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Mitochondrial function in mouse brain cortex synaptosomes during aging. Alterations in motor performance

Paulina Lombardi

  • CABA,
  • Argentina
  • Paulina Lombardi ¹
  • , Analía G Karadayian ¹
  • , Juan I. Guerra ¹
  • , Rodolfo Cutrera ³
  • , Juanita Bustamante ²
  • 1 Universidad de Buenos Aires, Facultad de Farmacia y Bioquímica, Fisicoquímica, Buenos Aires, Argentina. CONICET- Universidad de Buenos Aires, Instituto de Bioquímica y Medicina Molecular (IBIMOL), Buenos Aires, Argentina
  • 2 Centro de Altos Estudios en Ciencias de la Salud, Universidad Abierta Interamericana, Buenos Aires, Argentina
  • 3 CONICET - Universidad de Buenos Aires, Instituto de Fisiología y Biofísica Bernardo Houssay, (IFIBIO), Buenos Aires, Argentina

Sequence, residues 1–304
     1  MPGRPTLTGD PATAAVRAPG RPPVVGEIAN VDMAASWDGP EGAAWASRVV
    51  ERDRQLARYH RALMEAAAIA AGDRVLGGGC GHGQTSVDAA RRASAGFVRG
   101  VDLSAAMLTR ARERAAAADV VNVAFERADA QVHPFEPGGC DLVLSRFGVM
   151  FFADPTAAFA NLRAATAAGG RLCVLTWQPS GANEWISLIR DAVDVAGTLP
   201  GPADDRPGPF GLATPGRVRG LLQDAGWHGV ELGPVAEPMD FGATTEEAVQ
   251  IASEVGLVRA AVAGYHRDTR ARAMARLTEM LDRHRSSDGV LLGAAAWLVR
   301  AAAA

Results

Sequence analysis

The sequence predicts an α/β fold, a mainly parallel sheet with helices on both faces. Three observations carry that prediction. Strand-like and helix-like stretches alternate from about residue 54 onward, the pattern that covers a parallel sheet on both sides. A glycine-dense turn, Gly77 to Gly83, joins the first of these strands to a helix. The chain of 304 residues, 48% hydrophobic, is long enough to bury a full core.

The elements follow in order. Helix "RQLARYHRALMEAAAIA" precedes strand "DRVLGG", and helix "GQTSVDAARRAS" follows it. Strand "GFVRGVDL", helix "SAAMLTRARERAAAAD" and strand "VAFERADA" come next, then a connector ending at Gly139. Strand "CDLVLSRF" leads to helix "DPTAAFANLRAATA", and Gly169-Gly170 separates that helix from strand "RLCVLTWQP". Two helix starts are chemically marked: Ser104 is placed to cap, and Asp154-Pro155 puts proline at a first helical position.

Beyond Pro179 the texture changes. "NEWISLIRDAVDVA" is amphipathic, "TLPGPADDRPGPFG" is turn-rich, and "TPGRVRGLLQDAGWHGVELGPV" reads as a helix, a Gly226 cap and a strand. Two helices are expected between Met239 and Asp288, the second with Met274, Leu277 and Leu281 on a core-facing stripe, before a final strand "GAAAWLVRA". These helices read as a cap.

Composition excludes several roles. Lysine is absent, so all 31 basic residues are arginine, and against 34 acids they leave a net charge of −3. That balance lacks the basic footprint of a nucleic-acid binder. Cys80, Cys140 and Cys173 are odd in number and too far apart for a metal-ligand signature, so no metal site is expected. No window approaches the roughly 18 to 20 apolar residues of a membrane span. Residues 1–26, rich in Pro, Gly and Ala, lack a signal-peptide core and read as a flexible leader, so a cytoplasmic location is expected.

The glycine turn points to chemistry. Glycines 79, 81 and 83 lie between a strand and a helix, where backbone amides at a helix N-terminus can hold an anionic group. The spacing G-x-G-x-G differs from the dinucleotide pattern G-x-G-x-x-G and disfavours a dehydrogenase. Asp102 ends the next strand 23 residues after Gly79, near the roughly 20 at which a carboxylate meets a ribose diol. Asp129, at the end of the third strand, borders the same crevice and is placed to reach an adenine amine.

The aging process is characterized by a progressive decline of physiological and metabolic functions. Changes in mitochondrial bioenergetics and increased free radical production have been associated with brain aging. With the purpose of analyzing the effect of aging in motor performance and mitochondrial function in nerve terminals, 3-, 10- and 20-month-old mice were used. For evaluation of motor performance, tightrope and footprint tests were carried out. Brain cortex synaptosomes were isolated by a Ficoll gradient procedure. Mitochondrial function, cardiolipin content and reactive oxygen species were determined. Behavioral results showed a decrease in neuromuscular coordination in 10 and 20-month old mice (80-70%) and impairment in gait balance in the oldest mice (increase in step distance and overlap at 70%) as compared with young animals. Likewise, preliminary results show that acetylcholinesterase activity was increased by 35% in the oldest mice. Moreover, changes were observed in enzymatic activity of mitochondrial respiratory complexes with aging. Increased superoxide levels (11 and 21%) were found in 10- and 20-month-old mice as compared with young animals. H2O2 production rates were 43% decreased in the oldest mice. Mitochondrial membrane potential and cardiolipin content were unaffected in aged mice. It seems that respiratory complexes activity and ROS modulation could contribute to preserve mitochondrial integrity and function in synaptic terminals.